Gidlow and colleagues36 reported that GP referrals were more likely to lead to uptake in ERS than referrals by another individual. Sowden and colleagues28 and Damush and colleagues21 both observed no association between the area in which the scheme or the referring clinic was located and uptake in ERS.

Predictors of ERS adherence

Predictors of adherence were reported in eight observational studies23 ,24 ,26–28 31–33 and two RCTs.17 ,20 Bivariate statistical analysis was used in seven studies17 ,20 ,23 ,24 ,26 ,27 ,33 and multivariate statistical analysis was undertaken in four studies.24 ,28 ,31 ,32 The results are summarised in table 2 where we identify if and how different demographic, programme factors and psychosocial factors relate to adherence in bivariate and multivariate analyses and our overall findings. In addition, we consider medical diagnosis and programme factors as predictors of adherence.

Table 2

Summary of analysis of adherence to exercise referral schemes (ERS)

Demographic factors

In two studies23 ,24 men were found to be more likely to adhere (ie, complete 75–100% of available exercise sessions) to ERS than women while no such association was found in three studies.27 ,28 ,32 Increasing age was a predictor of increased ERS adherence in five studies,23 ,24 ,27 ,28 ,32 but two studies showed no association with age.17 ,27 Deprivation, rurality, referrer, leisure provider24 and occupation32 were not found to be significant predictors of ERS adherence. Dugdill and colleagues23 reported that fewer patients adhered to ERS (p<0.01) when referred by the GP (32%) compared with a practice nurse (45%) or a cardiac nurse (57%).

Medical diagnosis

Given the variation in reporting the reason for referral (medical history) and analysis, it was not possible to tabulate this in a meaningful way. In the study by James and colleagues,32 patients with pulmonary problems were less likely to adhere to ERS than those with cardiovascular disease. Sowden and colleagues28 reported that patients with diabetes were less likely to adhere to ERS (OR 0.76, 95% CI 0.63 to 0.93, p<0.01) while those with cardiovascular disease (OR 1.22, 95% CI 1.03 to 1.45, p<0.05) were more likely to adhere to ERS compared with those without either diabetes or cardiovascular disease. Gidlow et al24 reported that patients referred for mental health problems were less likely to adhere to ERS than those referred for physical health problems (22% vs 34%, p<0.001). Taylor et al20 reported no difference in adherence between individuals who were referred as smokers, overweight, obese or hypertensive.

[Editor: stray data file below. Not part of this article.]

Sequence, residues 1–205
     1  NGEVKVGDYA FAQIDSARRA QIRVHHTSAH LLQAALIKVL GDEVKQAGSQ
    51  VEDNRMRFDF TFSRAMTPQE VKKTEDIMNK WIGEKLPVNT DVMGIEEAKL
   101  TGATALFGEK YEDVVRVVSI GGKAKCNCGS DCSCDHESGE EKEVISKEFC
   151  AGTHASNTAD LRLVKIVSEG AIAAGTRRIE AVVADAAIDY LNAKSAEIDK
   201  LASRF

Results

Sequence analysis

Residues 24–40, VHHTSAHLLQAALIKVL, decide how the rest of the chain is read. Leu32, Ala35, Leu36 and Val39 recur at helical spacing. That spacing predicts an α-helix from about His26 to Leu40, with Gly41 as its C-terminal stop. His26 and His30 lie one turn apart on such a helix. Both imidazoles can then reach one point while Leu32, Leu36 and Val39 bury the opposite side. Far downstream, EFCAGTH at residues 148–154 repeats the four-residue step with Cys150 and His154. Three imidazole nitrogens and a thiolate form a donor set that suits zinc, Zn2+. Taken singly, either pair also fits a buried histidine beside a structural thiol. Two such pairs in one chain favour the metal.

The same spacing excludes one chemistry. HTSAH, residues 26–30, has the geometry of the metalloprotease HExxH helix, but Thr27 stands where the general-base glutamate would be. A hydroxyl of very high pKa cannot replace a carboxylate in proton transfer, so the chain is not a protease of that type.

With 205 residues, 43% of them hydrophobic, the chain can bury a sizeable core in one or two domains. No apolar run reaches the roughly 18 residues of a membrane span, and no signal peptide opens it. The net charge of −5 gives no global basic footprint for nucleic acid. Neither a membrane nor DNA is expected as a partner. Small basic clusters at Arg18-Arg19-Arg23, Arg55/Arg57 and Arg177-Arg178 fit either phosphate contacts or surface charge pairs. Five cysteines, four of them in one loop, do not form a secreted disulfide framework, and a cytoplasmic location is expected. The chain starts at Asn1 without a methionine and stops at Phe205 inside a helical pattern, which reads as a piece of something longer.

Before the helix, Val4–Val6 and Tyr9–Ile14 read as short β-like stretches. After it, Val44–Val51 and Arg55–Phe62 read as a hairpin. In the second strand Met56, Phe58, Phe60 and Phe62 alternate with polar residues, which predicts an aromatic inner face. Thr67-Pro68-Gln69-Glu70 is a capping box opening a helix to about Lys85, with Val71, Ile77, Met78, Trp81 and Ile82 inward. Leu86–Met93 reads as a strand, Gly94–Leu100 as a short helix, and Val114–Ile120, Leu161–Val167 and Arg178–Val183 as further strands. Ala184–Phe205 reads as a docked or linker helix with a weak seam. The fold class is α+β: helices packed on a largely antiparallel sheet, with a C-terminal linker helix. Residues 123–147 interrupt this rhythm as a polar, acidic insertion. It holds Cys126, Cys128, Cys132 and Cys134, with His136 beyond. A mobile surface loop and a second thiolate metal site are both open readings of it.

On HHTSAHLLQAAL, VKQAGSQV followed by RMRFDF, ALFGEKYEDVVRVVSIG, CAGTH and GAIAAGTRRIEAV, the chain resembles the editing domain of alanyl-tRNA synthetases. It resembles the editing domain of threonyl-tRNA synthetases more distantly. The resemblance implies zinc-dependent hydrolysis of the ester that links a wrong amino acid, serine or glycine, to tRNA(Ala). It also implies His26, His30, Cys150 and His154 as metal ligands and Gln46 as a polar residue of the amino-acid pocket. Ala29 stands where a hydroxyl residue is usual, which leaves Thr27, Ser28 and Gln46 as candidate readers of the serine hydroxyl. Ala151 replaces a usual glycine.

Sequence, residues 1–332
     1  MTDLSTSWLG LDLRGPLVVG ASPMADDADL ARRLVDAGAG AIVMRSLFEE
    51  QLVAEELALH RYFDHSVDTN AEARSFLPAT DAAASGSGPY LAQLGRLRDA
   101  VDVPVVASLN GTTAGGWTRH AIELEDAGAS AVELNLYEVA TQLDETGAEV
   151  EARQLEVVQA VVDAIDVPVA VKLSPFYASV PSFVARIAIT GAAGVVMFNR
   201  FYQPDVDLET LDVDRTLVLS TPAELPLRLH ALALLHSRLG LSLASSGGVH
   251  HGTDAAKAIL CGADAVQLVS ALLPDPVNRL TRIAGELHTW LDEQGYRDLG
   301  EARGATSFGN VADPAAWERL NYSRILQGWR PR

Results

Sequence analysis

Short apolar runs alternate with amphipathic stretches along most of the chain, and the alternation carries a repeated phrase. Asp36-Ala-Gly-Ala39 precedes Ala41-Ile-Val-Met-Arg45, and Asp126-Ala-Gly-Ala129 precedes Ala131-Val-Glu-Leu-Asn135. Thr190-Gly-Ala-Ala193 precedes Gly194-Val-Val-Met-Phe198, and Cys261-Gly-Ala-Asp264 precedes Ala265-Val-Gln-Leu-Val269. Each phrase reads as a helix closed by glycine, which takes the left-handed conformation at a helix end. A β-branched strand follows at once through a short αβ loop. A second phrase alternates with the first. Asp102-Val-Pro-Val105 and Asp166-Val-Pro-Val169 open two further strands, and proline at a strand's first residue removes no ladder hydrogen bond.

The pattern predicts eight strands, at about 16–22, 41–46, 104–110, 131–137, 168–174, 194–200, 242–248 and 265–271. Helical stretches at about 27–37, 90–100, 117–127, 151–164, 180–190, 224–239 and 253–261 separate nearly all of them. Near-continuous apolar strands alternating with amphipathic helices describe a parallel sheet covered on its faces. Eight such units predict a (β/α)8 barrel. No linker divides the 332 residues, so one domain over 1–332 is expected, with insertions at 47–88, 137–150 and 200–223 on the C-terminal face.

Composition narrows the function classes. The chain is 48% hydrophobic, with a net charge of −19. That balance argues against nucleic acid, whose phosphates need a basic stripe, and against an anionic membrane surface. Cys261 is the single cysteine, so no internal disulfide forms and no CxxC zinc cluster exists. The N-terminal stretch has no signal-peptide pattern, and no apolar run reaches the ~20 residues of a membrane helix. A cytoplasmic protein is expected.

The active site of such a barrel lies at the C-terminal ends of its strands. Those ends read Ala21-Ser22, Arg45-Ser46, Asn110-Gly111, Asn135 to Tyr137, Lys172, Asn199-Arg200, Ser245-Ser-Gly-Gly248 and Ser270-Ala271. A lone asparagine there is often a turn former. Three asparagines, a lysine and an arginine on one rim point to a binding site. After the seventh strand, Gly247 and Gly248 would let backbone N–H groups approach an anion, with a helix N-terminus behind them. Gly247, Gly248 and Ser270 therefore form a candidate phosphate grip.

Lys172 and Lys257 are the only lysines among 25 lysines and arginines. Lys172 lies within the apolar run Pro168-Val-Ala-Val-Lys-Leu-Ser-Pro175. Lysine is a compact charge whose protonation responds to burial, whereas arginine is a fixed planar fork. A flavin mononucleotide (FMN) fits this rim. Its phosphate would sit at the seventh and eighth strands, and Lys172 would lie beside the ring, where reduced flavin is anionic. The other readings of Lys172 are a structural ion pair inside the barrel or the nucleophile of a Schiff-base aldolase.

Psychosocial

Three studies26 ,31 ,33 assessed the psychosocial predictors of adherence (table 2). Morton and colleagues33 found that participants who adhered to ERS had significantly higher self-determination at baseline while Edmunds et al31 found no such association. Jones et al26 found that participants who did not adhere to ERS had significantly higher expectations for change in personal development.

Programme factors

Sowden et al28 reported variable levels of patient adherence across six different ERS schemes in the London area, indicating the potential influence of programme level factors such as time between referral and initial session, characteristics of exercise leaders and availability of exercise opportunities.

Discussion

Main findings

There has been little consideration of uptake and adherence in previous systematic reviews of ERS.5–7 We identified 14 observational studies and six RCTs where the level of ERS uptake and/or adherence was reported. A wide range of uptake (28–100%) and adherence (12–93%) levels was found across studies. While there was evidence of a higher level of uptake in ERS for RCTs (pooled mean 80%) than observational studies (pooled mean 66%), the levels of adherence to ERS appeared to be similar across study types (pooled mean 43% vs 49%). However, it is important to note that there was a high degree of statistical heterogeneity in the levels of uptake and adherence across studies.

The observed heterogeneity in the uptake and adherence levels across studies can at least be partly explained by the differing referral methods and number of exercise sessions on offer. Referral by letter appeared to produce lower uptake rates than face-to-face consultation with a healthcare professional. For example, Stevens et al hypothesised that the level of uptake in ERS may have been reflective of the nature of the invitation letter sent to participants (eg, it could have been less focused on exercise) and the point of randomisation (pre-invitation letter). They also hypothesise that a change in the format of the letter (eg, including a specific date offered for the first ERS appointment) would have improved participation. Similarly, Damush et al used a letter-based recruitment in conjunction with a pre-exercise test before participants commenced the exercise intervention, as required by the study funders, and potentially this could have further deterred eligible patients from consenting to the study.

When considering levels of adherence, schemes with fewer available sessions are potentially more likely to provide a higher number of adherers at the 75–100% completion rate. Without a standardised definition, there is a risk of patients being classified as adherer or non-adherer simply because of a difference in definition applied by study. For example, completing eight out of 10 sessions (>75%) is categorised as adherence whereas 12 out of 20 sessions is not.